I was also a little disappointed with the ending of the series. The final book is, in my opinion, one of the best. It is utterly gripping throughout and contains some of the very best action sequences (as well as ensuring that every child plays their part) but after this the story just kind of petered out. I won’t spoil it for you but I’ll just say that it addresses a major plot point rather briefly over the last couple of pages which I would have liked to have seen developed further. This is an entirely personal gripe, I know, but I was just left so disappointed by the final fate of one very important character.

However, all complaints aside, it is clear that the stories are absolutely brimming with imagination. A vast array of mythological creatures appear over the course of the series ranging from childhood favourites (elves and dwarves) to ones that are far less common (phouka). Even the common creatures are given a rather unique twist to make them seem really original and memorable. The dwarves are obsessed with making their own perfect world out of metal and clockwork while the goblins are born toothless and so make their own teeth from any sharp objects that they can find. The stories may be a little scary in places for very young children but it’s the good kind of frightening that kids love, characterised by monsters that are threatening but easily outwitted by smart children and ugly/cute critters that sometimes do very gross things (I love Hogsqueal but get the impression he might not be every parent’s cup of tea).

In terms of characterisation, the series was particularly strong. I love all three of the protagonists as they felt like real kids, brave when they needed to be but still prone to making rash decisions. Each of them had a very different voice and so they worked very well as a group. Mallory was the tough older sister, physically fit and providing most of the muscle (making a nice change as this is traditionally a boy’s role in fiction). Simon was the sensitive one who was good with animals, leading to his eventual taming of a griffin which in turn becomes vital in their infiltration of Mulgarath’s lair. Jared, the main character, is a troublemaker who nobody believed (even when he’s telling the truth). He receives the best character development of them all as he slowly comes to terms with his parent’s divorce and becomes a more responsible individual through protecting his siblings from the faeries.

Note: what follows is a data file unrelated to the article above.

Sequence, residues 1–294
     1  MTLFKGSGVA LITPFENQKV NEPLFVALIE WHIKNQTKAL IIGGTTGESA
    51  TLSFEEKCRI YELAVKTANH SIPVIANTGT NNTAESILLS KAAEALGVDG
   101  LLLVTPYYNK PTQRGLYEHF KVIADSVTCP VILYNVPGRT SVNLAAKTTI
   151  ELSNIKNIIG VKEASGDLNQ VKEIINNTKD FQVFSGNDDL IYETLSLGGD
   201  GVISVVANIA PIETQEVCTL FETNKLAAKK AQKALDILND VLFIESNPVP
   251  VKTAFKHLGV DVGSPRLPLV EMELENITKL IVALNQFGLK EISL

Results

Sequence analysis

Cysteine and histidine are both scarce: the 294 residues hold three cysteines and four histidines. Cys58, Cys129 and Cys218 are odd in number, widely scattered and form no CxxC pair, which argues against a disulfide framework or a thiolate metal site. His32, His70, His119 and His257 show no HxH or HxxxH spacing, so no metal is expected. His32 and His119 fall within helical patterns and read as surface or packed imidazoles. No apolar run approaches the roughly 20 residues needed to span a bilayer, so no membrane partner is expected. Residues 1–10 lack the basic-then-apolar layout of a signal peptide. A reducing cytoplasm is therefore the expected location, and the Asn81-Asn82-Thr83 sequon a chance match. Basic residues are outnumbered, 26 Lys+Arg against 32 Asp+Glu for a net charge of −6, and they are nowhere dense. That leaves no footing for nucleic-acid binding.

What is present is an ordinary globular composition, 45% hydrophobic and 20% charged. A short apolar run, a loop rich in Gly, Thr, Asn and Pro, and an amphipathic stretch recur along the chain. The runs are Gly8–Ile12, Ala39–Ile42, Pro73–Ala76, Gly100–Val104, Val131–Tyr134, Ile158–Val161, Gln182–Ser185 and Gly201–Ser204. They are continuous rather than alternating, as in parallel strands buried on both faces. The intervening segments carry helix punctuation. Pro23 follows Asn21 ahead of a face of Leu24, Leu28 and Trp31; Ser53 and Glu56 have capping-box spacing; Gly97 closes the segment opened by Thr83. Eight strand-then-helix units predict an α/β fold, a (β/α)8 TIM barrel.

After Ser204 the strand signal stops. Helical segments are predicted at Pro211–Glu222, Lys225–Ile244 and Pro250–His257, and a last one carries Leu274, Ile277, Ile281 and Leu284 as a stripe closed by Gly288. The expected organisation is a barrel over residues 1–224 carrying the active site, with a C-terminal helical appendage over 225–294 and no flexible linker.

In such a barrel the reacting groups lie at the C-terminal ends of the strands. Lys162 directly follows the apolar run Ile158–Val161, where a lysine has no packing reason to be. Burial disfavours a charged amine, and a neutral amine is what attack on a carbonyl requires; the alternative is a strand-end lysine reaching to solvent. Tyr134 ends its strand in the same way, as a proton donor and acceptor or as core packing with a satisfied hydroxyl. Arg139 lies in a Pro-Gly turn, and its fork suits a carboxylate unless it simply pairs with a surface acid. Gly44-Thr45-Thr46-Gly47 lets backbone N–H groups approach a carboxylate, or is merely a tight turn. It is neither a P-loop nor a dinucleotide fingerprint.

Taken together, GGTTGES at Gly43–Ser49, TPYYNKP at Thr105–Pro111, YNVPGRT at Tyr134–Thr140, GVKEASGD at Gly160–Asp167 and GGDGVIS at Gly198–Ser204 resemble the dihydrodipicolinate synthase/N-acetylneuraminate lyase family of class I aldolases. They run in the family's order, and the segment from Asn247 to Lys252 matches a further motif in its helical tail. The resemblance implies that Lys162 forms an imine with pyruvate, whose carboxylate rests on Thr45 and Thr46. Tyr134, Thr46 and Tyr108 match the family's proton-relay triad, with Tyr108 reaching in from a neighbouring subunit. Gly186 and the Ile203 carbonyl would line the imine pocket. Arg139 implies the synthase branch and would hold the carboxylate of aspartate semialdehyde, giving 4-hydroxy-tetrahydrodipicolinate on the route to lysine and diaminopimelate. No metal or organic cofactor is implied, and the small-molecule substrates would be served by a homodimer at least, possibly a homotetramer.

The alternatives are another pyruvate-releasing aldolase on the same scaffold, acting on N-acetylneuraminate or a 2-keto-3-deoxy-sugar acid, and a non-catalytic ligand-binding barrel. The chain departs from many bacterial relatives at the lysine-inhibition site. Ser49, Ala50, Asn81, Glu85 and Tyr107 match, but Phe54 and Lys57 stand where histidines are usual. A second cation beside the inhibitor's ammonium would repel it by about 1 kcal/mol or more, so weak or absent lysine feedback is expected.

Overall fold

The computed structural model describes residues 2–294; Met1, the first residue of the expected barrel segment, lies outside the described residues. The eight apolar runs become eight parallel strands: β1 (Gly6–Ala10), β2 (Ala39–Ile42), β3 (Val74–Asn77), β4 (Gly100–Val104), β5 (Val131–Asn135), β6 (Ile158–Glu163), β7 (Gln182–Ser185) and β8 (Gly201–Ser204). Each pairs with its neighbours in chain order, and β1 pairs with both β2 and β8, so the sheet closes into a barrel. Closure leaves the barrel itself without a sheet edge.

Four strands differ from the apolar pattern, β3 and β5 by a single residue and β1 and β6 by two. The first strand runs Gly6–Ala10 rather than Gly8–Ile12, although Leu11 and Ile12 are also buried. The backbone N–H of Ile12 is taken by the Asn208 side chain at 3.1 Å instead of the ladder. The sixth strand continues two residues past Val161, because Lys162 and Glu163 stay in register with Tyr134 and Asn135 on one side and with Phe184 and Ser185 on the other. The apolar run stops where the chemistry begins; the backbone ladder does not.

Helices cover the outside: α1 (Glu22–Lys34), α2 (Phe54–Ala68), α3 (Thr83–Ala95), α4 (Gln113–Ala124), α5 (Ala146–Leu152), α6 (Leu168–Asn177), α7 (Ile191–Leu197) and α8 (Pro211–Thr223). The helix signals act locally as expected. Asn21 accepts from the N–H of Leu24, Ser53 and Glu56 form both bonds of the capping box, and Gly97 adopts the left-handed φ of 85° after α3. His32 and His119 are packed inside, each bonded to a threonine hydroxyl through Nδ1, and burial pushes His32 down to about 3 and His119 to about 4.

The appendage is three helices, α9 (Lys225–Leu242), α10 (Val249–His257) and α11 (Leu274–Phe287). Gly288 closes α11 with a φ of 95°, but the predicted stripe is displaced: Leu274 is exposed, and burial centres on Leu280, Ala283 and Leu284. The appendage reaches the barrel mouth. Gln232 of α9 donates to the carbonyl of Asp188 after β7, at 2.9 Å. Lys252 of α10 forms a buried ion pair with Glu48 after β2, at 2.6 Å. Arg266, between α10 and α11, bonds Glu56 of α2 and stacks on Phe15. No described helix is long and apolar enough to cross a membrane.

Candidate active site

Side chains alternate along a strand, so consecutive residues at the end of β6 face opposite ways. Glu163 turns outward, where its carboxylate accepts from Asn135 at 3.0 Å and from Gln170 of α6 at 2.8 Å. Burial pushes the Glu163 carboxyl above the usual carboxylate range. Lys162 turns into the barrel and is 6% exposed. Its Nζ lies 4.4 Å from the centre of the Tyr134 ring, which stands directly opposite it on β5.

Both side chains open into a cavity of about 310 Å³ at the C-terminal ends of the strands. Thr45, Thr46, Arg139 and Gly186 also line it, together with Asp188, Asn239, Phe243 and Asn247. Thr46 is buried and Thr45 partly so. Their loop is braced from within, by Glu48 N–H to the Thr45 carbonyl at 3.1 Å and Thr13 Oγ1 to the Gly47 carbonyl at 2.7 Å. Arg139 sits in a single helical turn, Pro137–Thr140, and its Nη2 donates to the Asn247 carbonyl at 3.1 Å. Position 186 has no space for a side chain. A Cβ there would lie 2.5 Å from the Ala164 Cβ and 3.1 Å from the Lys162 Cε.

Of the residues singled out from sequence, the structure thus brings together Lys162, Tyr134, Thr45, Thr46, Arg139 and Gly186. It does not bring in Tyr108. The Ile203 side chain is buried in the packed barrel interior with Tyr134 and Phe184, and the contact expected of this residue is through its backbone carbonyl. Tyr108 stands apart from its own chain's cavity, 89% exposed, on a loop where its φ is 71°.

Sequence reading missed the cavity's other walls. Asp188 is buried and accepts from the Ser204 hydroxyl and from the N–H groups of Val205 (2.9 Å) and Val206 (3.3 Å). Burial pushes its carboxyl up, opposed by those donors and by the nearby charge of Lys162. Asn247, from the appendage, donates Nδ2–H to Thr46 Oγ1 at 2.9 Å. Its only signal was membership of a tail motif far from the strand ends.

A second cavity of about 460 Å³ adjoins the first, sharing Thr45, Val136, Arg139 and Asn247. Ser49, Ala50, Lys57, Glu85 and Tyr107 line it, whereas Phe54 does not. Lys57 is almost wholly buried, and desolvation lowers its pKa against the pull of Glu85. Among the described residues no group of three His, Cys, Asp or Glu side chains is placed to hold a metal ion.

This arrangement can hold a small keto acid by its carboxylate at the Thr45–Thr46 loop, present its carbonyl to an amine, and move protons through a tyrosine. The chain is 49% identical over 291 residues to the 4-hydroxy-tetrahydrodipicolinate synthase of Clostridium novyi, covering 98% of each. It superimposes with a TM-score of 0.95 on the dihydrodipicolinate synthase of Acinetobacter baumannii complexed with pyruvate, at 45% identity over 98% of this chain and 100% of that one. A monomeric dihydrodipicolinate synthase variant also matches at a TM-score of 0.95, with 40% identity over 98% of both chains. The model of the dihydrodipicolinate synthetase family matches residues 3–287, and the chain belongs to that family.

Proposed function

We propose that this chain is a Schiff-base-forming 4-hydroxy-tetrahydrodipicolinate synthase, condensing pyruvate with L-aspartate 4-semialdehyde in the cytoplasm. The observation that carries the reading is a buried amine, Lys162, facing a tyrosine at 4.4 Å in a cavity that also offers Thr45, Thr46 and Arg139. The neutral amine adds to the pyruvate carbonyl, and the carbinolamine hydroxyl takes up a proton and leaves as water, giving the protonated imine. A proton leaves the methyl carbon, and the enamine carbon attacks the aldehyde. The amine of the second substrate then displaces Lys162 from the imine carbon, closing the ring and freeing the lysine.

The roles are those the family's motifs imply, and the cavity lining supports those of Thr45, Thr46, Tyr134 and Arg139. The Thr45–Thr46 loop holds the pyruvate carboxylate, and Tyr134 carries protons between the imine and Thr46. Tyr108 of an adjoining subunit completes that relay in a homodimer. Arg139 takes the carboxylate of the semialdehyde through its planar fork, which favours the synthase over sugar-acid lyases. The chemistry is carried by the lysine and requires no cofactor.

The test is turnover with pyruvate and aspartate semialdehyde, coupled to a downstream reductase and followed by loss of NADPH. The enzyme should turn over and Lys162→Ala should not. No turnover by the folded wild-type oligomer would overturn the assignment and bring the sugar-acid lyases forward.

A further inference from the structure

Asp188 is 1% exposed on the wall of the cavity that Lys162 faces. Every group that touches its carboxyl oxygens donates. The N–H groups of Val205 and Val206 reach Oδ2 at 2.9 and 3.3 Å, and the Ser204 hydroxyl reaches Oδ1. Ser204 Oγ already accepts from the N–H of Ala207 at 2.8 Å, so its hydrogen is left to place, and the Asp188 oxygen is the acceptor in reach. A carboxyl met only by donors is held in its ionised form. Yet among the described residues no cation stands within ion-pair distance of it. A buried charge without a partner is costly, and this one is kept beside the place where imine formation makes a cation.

Yet it’s the faerie characters that really steal the show. Thimbletack the brownie and Hogsqueal the hobgoblin are just brilliant characters – lovable, tricksy and utterly memorable. Yet my favourite character of all was Mulgarath. He’s just so unique. Huge and monsterous, yet at the same time oddly eloquent and refined. He maintains a threatening air throughout and is an imposing final enemy for the children to fight, superior to all those that came before in both strength and cunning. It’s a shame that he only really appears in the final two books as I would have liked to have seen much more of him.

Well, this has just been a brief glimpse at a truly wonderful series. It’s imaginative and beautifully illustrated, containing strong characters and a menagerie of unique faerie characters. While the series is aimed at children, I think that there is still a lot to like here for both young teens and adults as well. The Spiderwick Chronicles is truly a must-have for every fantasy collection.

The Field Guide can be purchased as a Paperback and Audio Book on

The Seeing Stone can be purchased as a Paperback and Audio Book on

Lucinda’s Secret can be purchased as a Paperback and Audio Book on

The Ironwood Tree can be purchased as a Paperback and Audio Book on

The Wrath of Mulgarath can be purchased as a Paperback and Audio Book on

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  1. Trackback: The Sobeks – Part 3 | Arkham Reviews